Book Review Editor
Stephen A. Matthews is Associate Professor of Sociology, Anthropology, and Demography (Courtesy Geography) and the academic director of the Geographic Information Analysis Core in the Population Research Institute and Social Science Research Institute at Penn State.
The central tenets of his teaching and research scholarship are population health and health inequality in diverse community contexts. The substantive focus of his research is the study of resources, risks, and opportunities (e.g., food, pollution, social networks) and how access and utilization of these resources, risks, and opportunities relate to health and social inequality (e.g., diet, obesity status, other health outcomes). Race/ethnicity and income inequality are cross-cutting themes in his research. He is also interested in conceptual and methodological issues associated with how neighborhoods are defined and their attributes are measured, and the relevance of these definitions/measures to individual behavior and health outcomes.
Earlier this year he co-edited with Linda Burton, Susan Kemp, ManChui Lueng and David Takeuchi, Communities, Neighborhoods, and Health: Expanding the Boundaries of Place and co-authored with Wilbur Zelinsky, The Place of Religion in Chicago.
Teaching and Learning Editor
Paul R. Voss has spent the majority of his career as an applied demographic analyst focusing on population growth and distribution and the implications of demographic change for geographic locations and regions. He holds a PhD in sociology and demography from the University of Michigan, and for many years was the director of the Applied Population Laboratory (APL) at the University of Wisconsin-Madison. He established and led the early introduction of spatial tools, data and perspectives into APL programming and oversaw the support and outreach of spatial services to other units on the Wisconsin campus, in particular to the Wisconsin Center for Demography and Ecology.
He presently is a Faculty Fellow at the Carolina Population Center (CPC), University of North Carolina at Chapel Hill (UNC-CH) where he serves as faculty advisor to the CPC Spatial Analysis Unit. He also holds the title of Senior Spatial Analyst at the UNC-CH Odum Institute for Research in Social Science. He is Professor Emeritus in the University of Wisconsin’s Department of Community and Environmental Science.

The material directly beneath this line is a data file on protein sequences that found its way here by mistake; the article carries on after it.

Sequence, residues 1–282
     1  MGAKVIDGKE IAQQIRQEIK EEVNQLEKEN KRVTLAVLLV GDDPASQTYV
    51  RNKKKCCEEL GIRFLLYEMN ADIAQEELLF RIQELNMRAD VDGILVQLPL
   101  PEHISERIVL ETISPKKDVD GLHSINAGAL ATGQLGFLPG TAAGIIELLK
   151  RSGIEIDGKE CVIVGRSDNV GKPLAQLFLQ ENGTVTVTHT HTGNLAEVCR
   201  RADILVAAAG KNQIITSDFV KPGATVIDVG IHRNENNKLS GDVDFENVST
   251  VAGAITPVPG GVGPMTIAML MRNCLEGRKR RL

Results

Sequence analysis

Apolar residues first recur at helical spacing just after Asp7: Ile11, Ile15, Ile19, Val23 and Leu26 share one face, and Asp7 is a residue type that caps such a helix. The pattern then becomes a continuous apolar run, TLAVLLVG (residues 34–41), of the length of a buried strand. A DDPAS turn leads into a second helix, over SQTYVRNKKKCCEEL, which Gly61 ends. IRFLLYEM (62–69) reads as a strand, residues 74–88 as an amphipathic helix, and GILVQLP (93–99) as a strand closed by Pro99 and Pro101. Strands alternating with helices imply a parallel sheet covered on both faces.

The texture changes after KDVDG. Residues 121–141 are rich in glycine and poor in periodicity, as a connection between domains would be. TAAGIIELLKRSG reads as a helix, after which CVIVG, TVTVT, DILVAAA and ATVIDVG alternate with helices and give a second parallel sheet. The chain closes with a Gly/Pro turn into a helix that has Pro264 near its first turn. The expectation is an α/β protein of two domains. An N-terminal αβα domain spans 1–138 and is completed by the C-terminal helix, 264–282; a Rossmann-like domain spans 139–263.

Over the past 12-15 years, he has maintained an active research program and teaching interest in the area of spatial demography. He has served as consultant to the U.S. Census Bureau on methodology and applications of the American Community Survey and has served on several scientific panels with the National Research Council of the National Academy of Sciences.
Software and Code Editor
Corey S. Sparks is Assistant Professor of Demography and Adjunct Assistant Professor, Department of Biostatistics and Epidemiology University of Texas Health Science Center at the University of Texas-San Antonio.
His research focuses on statistical demography, Geographic Information Systems and recently a foray into Bayesian Statistics.Substantively, he is interested in human health and reproduction and the application of modern statistical methods to problems in demography and health.
Dr. Sparks’ teaching is primarily focused on the use and application of advanced statistical techniques including hazards analysis, multivariate methods and spatial statistics in human population analysis.
Spatial Data Editor
Lee Rivers Mobley is an Associate Professor of Spatial Science and Health Economics in the Institute of Public Health, at Georgia State University. Prior to this appointment, she was a Research Professor of Spatial Science and Health Economics in the GeoDa Center at Arizona State University, and had served as a Senior Research Fellow at RTI International for about 11 years. While at RTI, she spearheaded the effort to establish a Census Research Data Center (RDC) lab on the RTI main campus. Under the auspices of her approved Census RDC project (#796 – “Methodologies for Analyzing Risk Assessment”), she begun various studies of community risk and resilience using restricted microdata. A renewal of her R01 grant with NIH/NCI will allow her team to study cancer incidence and outcomes at small geographic scales across the entire US, under a National Centers for Health Statistics approval for this work, to be conducted inside RDCs. Under the parent grant, the GeoDa Center at ASU established OpenGeoDa spatial analytic software on the Census Linux server for use by all researchers inside RDCs, making spatial analytic capabilities on the restricted microdata available for the first time.
She has more than 20 years of experience in conducting health market and health outcomes studies using spatial analytic methods. Her research includes analyses of disparities among populations and across geography, examining socio-ecological problems where place and space are important; studies in spatial demography; and analysis of health care markets and behaviors of both consumers and providers. Her publications have included hospital antitrust studies, studies of insurance market competition, market analysis for several Medicare reform initiatives, spatial analysis explaining cardiac risk factors in low income women, analysis of the spatial diffusion of endoscopy services, spatial analysis of access to and quality of preventive care services used by the elderly, and ecological analysis of the spread of HIV among injection drug users in San Francisco. She has earned recognition as an expert in applied spatial analysis, with over 50 peer-reviewed publications, and is honored to serve as the Spatial Data Editor for Spatial Demography.